Published by Patra K on

Political moonlighting is killing essence of democratic representation in Uganda

Illustration showing a political moonlighter(Photo courtesy of oecd.org)

Over 90% of the candidates who contested in rural constituencies for Member of Parliament in January 2021 general elections, resided in urban areas, notably Kampala capital city, SecretsKnown has learned. These candidates “parachuted” into the constituencies from Kampala and left immediately after elections. This is called “political moonlighting”.

It is mostly in urban constituencies where one will find a candidate staying in his/her constituency. The rural voters find themselves in a situation where none of the candidates contesting stays in the constituency and this is partly why they demand money from them at every encounter. In the process it has become very expensive for candidates to finance election campaigns.

But why would someone return to contest in the constituency where he or she disserted? SecretsKnown has learned that some of the constituency returnees who join politics, are not driven by the desire to serve, rather they are driven by the crave for ministerial appointments or to protect ill-gotten wealth and other selfish agendas.

Civil servants who have looted the country rush to join Parliament as one way of securing immunity from prosecution. Others seek to use the Parliament as a platform to protect their businesses. This has made politics a magnetic venture where everyone wants to join bearing in mind that once elected in to office, it is a guarantee that things will come.

An activist from Western Uganda did also inform Secrets Known that some of the corrupt public officials who are relieved of their duties have been seen returning home and decided to venture into elective politics for the purpose of covering up their misdeeds and avoiding to be indicted.

SecretsKnown learnt from an activist in Rwenzori subregion (Western Uganda) that most of the voters today have lost trust in the essence of leadership, because they are starved of leaders who understand their issues but face an abundancy of leaders who think and operate at a different wave length.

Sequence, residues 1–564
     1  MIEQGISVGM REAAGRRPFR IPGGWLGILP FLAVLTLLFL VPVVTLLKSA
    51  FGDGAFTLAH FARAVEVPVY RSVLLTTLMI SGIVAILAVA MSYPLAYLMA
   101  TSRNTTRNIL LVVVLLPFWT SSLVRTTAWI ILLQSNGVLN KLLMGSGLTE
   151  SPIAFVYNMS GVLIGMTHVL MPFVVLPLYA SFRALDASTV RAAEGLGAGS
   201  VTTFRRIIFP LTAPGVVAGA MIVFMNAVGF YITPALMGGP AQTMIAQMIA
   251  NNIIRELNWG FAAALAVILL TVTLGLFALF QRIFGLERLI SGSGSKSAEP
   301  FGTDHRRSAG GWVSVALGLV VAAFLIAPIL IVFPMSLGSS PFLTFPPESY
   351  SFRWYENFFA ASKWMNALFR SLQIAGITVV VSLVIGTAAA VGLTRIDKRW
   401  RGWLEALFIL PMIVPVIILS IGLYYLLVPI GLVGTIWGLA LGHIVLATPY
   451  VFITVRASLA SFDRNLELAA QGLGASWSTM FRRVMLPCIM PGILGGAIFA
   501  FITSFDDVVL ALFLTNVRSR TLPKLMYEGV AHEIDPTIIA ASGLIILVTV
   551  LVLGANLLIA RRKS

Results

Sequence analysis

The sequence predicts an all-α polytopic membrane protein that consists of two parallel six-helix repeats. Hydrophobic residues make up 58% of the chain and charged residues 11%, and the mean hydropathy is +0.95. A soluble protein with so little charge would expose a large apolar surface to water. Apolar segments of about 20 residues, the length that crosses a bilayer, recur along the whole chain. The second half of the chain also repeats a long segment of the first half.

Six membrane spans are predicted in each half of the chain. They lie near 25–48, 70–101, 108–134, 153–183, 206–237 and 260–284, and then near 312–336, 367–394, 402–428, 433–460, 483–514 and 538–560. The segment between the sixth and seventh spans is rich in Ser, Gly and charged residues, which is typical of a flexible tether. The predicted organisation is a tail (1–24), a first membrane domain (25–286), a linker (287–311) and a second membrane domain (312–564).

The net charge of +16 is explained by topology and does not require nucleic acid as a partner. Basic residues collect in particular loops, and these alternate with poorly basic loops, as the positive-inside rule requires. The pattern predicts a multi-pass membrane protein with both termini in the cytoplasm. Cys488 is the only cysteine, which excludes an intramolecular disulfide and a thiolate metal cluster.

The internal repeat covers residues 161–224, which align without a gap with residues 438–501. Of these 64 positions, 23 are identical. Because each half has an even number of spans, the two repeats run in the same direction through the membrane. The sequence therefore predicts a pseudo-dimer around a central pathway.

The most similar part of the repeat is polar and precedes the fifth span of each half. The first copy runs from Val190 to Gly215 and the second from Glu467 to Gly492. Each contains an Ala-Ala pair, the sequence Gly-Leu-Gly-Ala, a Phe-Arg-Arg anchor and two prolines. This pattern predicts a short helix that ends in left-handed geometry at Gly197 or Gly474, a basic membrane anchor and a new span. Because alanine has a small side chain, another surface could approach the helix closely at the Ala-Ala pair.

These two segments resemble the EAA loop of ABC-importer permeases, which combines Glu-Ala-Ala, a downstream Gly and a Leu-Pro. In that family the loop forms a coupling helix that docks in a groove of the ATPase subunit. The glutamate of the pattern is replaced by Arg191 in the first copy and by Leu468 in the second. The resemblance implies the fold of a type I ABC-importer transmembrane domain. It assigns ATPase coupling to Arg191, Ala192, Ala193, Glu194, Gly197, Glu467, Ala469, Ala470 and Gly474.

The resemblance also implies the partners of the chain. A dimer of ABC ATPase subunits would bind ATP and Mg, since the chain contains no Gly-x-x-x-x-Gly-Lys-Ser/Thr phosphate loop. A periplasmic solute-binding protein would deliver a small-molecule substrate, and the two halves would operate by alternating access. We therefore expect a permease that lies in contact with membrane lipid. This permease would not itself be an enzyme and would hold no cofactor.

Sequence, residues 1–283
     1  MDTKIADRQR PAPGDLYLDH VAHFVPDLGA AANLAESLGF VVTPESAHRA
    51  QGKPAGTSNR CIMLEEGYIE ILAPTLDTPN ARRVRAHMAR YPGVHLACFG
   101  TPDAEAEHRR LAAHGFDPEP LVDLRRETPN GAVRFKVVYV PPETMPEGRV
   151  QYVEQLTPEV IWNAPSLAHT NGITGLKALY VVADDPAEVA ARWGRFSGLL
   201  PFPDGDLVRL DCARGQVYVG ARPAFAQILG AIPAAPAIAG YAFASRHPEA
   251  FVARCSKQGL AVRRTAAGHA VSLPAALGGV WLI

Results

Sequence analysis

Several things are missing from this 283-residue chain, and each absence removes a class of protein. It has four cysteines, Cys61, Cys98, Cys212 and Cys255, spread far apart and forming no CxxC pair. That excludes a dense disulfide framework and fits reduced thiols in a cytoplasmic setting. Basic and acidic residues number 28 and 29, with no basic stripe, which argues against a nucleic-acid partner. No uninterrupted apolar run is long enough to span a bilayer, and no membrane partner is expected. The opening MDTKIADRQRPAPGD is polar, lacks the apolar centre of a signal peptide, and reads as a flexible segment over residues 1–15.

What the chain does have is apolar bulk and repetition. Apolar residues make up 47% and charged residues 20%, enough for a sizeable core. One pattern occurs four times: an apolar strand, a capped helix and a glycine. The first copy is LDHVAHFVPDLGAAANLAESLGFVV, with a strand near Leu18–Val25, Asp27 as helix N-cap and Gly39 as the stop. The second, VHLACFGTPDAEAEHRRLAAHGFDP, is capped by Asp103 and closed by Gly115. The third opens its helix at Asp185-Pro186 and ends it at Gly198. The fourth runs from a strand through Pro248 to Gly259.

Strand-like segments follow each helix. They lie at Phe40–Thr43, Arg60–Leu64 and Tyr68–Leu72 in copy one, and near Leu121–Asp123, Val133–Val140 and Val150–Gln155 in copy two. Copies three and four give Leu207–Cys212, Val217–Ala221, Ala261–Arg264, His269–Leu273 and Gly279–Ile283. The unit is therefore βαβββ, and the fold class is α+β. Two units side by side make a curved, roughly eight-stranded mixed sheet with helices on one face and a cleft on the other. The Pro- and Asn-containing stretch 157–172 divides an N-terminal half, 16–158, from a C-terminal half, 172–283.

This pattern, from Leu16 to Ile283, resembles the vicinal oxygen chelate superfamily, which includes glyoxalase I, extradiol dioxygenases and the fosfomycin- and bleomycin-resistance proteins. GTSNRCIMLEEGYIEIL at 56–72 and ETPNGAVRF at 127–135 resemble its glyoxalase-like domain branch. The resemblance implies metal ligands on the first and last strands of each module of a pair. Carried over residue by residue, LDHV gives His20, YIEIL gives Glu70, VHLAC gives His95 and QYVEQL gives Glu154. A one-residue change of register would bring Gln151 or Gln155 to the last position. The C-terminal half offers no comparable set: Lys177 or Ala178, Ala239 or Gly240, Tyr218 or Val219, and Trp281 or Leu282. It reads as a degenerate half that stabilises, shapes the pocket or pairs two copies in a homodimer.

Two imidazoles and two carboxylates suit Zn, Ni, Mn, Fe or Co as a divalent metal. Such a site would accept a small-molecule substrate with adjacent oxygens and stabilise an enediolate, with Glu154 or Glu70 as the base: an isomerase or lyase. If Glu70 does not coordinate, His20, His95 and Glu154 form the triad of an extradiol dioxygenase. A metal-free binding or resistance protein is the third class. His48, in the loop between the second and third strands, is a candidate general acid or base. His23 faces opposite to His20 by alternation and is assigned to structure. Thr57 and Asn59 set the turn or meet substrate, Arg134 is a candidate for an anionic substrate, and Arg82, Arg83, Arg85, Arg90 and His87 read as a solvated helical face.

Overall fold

And because many of the electorate wallow in poverty and squalor, any politician who comes their way with money will be looked at as an “demi god”. He/she will be worshiped by voters because of his/her ability to respond to their individual needs. Some are even nick-named “Action Man/Woman”.

One of the former candidates who moonlighted in the recently concluded elections, informed SecretsKnown that “voters are always negative about their candidature, oftentimes they have been labelled as persons who are not knowledgeable of the constituency needs. Voters also do not care about the wealth of experience and knowledge that we come with. We are looked at as people who have money, and the only language they expect us to speak with them is the money language, this is disadvantaging our effective political participation” said former candidate for Member of Parliament.

Secretsknown has further learned that the persons who moonlight, often come with a lot of money. Some have used their financial power to conspire with the political party officials mainly at district level who do often sell to them party tickets. This has seen fratricidal wars emerge between those who understand the party ideology and those that just come and buy places.

It is the legitimate concern of voters that once leaders have been elected into political office, they go into hiding. They run away from their constituents whom they acted to care so much for during election campaigns.

Moving forward, ACFIM advocates that government of Uganda should explore the possibility of setting up a permanent office for area MPs with a resident researcher/officer who keeps collecting issues from the constituency and updating the Member of Parliament to aid effective representation. With that said, it should not mean that political leaders once elected into office should run away from voters who they entered into a social contract with.

Categories: Newsletters

1 Comment

Denis Okori · April 1, 2021 at 6:01 am

Grate piece. I don’t want to miss my weekly news in this platform

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